Murder On The Mind 2
“He’s different,” Richard said.
Hidden behind the butler’s pantry door, my head half-shaved like a punk rocker, eavesdropping on a private conversation . . . yeah, I’d say I was different.
“Of course he is,” Brenda said. “After what happened, I’d be surprised if he wasn’t.”
Broken arm, fractured skull. Emotional wreck. Working on paranoid, too. I leaned in closer, straining to hear.
“He’s keeping something from me.”
Richard didn’t know the half of it.
“What?” Brenda asked, over the clatter of silverware dropping into a kitchen drawer.
“He mentioned nightmares back at the hospital. I should’ve pressed him on it, but I don’t want to push him too hard. He still doesn’t trust me.” He fell quiet for a moment. “Something strange happened at the airport. I was looking for the claim checks. He knew they were in my wallet, but he hadn’t seen me put them there.”
“A logical place for them. Or maybe he’s psychic,” she offered offhand. The top dishwasher rack rolled out, glasses clinking.
Silence. I could imagine Richard’s stony glare.
“I’ll call UB Medical Center tomorrow,” Richard said. “See if I can find a doctor to treat him.”
“Then what will you do with him?”
“Nothing. He’s here to recover.”
“What if he wants to go back to New York?”
“Then he can go.”
The dishwasher door closed.
“Bull,” Brenda said. “You want him here. You want to turn his life around, remake him in your own image. But he’s your brother, not you. For years he’s made his own life without you. He’ll need to make his own life again. Don’t be disappointed when he no longer needs you.”
Trust Brenda to be pragmatic.
“Want sausage or linguine for dinner?” she asked.
Tiptoeing back to my room, I closed the door. I leaned against it, closed my eyes, unsure what I was feeling. Panic came close.
Yeah, I was different.
I stretched out on the single bed in that shabby little room and thought about what happened.
After six months of unemployment due to downsizing, I’d been about to resume my career as an insurance claims investigator. Until the mugging.
Ten days later, I was four hundred miles away, in Buffalo, New York, moving in with my older half-brother and his live-in-lover. Broke and dependent on their kindness, I was lucky to have somewhere to go.
Dr. Richard Alpert hadn’t changed much over the years. Silver now mixed with the dark brown hair around his temples, and in his full mustache. New lines creased his face, but along with the brains, Richard had the looks and, as sole heir, he now possessed the Alpert family fortune.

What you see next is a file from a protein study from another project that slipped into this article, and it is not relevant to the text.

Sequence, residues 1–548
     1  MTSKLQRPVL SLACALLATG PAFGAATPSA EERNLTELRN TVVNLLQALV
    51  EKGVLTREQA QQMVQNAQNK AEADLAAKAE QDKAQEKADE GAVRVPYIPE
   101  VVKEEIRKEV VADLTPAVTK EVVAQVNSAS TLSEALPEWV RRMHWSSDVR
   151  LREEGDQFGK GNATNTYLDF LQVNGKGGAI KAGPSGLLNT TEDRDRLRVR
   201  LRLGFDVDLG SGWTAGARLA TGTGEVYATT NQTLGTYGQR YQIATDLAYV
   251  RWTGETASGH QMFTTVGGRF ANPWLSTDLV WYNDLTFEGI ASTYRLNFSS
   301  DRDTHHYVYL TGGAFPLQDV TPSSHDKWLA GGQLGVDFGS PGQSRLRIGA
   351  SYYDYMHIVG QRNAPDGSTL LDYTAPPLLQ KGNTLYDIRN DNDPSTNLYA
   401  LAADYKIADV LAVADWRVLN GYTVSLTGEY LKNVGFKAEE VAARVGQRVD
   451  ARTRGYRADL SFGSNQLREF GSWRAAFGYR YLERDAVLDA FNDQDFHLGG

The flight from LaGuardia to the Buffalo-Niagara International Airport had taken fifty-seven minutes. With my skull-pounding headache, it felt like fifty-seven hours. Brenda Stanley, the pretty black woman behind the security barrier, waited for us. At thirty-four, a year younger than me, Brenda’s an old soul whose eyes reflected the depth of her compassion. After a quick kiss and embrace with Richard, she turned to me.
“Jeffy Resnick, you look like shit. You need to gain ten pounds, and I’m just the one to fatten you up.”
She was right about the weight loss. Ordinarily I’m just an average guy. Brown hair, brown eyes, and a respectable five-eight in height. More comfortable in denim than a suit and tie. Now my jeans hung from my hips. A sling hid the lightweight summer jacket—the only one Richard could find back at my apartment. A knit cap covered my partially shaved head.
Brenda frowned and, careful not to press against my broken arm, gently hugged me. She stepped back. “You two aren’t fighting, are you?”
“Brenda,” Richard admonished.
“Well, I know how it is when the old man and the kid get together.”
Because of a twelve-year age difference, Richard and I had never been close. Our reunion in the hospital in New York days before had been rocky. We’d called a truce. Now to see if we could live with it.
“We’re not fighting,” I assured her.
“Good. You two get the luggage,” Brenda said. “I’ll bring the car around. Those parking lot thieves are gonna hit me up for five bucks. Highway robbery,” she muttered, already walking away.
“Come on,” Richard said, and started off, following the overhead signs to the baggage carousel.
“Why don’t you marry Brenda and make an honest woman of her?” I asked, struggling to keep up.
“I’ve been trying to for years. She says it would break her mother’s heart.”
“Marrying a rich, white doctor?”
“It’s the white part that’s the problem.”
Richard had filled me in on the most recent details of their lives. I’d met Brenda only once several years before, when they’d come to Manhattan on business. I liked her right away. They had been colleagues at The American Patient Safety Foundation, a think tank outside of Los Angeles, where Richard evaluated new medical equipment. Brenda was a registered nurse and his assistant, although neither she nor Richard had worked much with patients.
Budget cuts ended both their jobs, and they moved back to the old homestead in Buffalo. With the inheritance, Richard didn’t need to work and he wasn’t sure what he wanted to do next. He seemed quieter, more introspective—if that was possible. I’d have to ask Brenda later.
We arrived at U.S. Airway’s baggage carousel, already in motion. Suitcases, boxes, golf clubs, and skis slid past the already thinning crowd. Richard patted his pockets.
“They’re in your wallet.”
“The claim tickets.”
A quick look in his wallet revealed the missing claim checks. Richard eyed me suspiciously. “Jeff, you were inside the terminal when the skycap gave them to me.”
Was I? I shrugged. “Lucky guess. But you don’t need them in the Buffalo airport. C’mon, let’s go home. I’d rather barf in familiar surroundings.”